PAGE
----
On large vessels I would hazard a guess at visibility and good instrumentation being key components, but not my area of expertise. There are historically documented problems concerning certain aviation instumentation.
    It is a massive field, from canoe, coracle, rowing skiff to super tanker. Each area has evolved its own solutions. My own personal take on modern performance craft would be looking at minimising injury in the 30kn to zero type crash with crew being slung forward on trapezes. Also the danger in these v quick cats - Artemis, woke anyone who was not watching up. You can get fractured carbon tubes being thrust towards bodies too. Then theres hydroplanes flipping and deep V hulls barrel rolling etc

    BTW I am an industrial designer with 20+ years commercial experience though only a very small ammount in the marine field. Was part of a team that won the Silk Cut Nautical award a few years back for an instrument we (our consultancy) designed for Brookes and Gatehouse.
     
  6. michael pierzga
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    michael pierzga Senior Member

    Its the day to day ergonomic blunders that drive me crazy.

    Radar is an important tool. On watch the radar is always on. A watchman doesnt sit on his butt in front of the radar, he paces back and forth in the wheel house keeping a sharp lookout and monitoring the vessel in general.

    On this boat the radar seat backrest...nice and comfy...obstructs the watchkeepers view of the radar from 90 percent of the wheelhouse.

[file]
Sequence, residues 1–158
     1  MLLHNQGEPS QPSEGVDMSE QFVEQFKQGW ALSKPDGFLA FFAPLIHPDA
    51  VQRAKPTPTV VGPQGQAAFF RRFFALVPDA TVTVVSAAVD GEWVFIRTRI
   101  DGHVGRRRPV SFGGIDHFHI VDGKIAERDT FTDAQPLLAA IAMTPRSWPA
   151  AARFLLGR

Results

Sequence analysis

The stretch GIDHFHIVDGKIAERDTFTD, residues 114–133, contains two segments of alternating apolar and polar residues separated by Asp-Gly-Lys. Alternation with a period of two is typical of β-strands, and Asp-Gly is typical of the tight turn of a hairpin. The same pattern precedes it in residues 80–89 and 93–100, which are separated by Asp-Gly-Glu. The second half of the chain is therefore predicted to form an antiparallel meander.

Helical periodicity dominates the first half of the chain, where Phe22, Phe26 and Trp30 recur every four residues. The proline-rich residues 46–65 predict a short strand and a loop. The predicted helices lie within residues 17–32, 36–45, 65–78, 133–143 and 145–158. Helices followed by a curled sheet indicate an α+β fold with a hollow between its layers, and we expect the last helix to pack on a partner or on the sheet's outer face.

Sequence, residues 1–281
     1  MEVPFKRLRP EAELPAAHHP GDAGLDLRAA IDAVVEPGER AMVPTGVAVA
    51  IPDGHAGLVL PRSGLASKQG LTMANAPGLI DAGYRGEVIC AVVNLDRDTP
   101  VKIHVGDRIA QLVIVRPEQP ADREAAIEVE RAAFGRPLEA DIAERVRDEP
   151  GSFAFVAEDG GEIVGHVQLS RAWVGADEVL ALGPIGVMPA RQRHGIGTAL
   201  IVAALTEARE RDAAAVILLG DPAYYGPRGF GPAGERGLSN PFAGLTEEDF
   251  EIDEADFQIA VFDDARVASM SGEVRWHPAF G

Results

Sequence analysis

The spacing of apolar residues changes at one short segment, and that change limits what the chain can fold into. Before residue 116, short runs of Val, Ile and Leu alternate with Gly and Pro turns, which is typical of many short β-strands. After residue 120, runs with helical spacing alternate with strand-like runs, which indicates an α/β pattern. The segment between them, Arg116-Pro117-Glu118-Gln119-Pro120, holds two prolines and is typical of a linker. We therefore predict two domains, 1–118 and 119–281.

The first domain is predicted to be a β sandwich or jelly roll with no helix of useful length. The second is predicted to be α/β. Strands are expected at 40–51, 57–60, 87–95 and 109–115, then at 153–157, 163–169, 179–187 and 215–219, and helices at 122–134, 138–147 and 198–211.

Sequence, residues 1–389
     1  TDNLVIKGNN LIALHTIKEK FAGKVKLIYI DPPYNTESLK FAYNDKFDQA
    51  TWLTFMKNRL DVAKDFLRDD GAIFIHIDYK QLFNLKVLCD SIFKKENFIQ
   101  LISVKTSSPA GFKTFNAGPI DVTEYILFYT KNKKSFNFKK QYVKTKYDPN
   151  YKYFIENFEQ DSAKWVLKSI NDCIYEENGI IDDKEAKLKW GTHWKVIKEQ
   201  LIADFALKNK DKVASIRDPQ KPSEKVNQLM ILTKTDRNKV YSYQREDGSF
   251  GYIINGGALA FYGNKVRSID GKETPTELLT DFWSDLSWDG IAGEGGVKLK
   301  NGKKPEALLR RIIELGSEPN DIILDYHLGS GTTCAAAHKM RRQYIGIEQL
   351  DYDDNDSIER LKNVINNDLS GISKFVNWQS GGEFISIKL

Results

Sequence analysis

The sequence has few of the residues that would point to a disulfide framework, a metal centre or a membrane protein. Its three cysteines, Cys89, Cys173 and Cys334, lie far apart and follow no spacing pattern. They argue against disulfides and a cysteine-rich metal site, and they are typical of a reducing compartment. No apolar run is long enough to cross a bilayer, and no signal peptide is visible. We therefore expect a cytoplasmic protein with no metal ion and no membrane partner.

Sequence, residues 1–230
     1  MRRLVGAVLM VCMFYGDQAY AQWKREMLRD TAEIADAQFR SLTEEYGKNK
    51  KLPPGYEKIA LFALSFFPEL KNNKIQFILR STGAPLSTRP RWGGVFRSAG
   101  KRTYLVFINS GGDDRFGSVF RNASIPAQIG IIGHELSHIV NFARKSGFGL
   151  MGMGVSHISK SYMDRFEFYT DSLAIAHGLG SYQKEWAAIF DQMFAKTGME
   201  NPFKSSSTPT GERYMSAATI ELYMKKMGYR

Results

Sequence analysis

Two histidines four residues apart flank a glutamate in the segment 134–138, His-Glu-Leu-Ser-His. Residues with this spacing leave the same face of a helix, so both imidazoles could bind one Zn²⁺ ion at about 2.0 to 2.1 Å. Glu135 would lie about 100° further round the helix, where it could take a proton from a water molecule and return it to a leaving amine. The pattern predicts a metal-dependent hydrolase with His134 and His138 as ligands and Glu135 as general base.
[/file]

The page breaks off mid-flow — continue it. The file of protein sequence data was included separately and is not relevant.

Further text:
An ergonomic blunder that makes me ANGRY.

    When I get my hands on the bugger who designer this installation I gonna burn his house down
     
  7. SukiSolo
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    SukiSolo Senior Member

    Yes, and how hard is it to mock up the wheelhouse and windows with cardboard a few battens and maybe some cheap ply? You get all the elements for a few hours work and learn something. Dead right Michael, well said, it is amazing that there are still ergonomic anomolies out there. Why are some car dials worse than in the 80s'? Doh!.

    But the difference is the naval architects and designers who notice these details and keep them in their store of knowledge. That's what a client should be happy to pay for.
     

  8. wood3154
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    wood3154 New Member

    Sounds like there are some fundamental issues that need to be addressed. Very often the integration of ergonomics/human factors is conducted at the wrong stage of a design and this results in those basic principles of being able to view regularly used equipment, such as radar, not being considered properly. As with many areas of design, gathering a detailed understanding of the requirement and then approaching the development of a solution to this requirement with a pragmatic view is very important.

    Thank you both for your input, its very much appreciated.

    Chris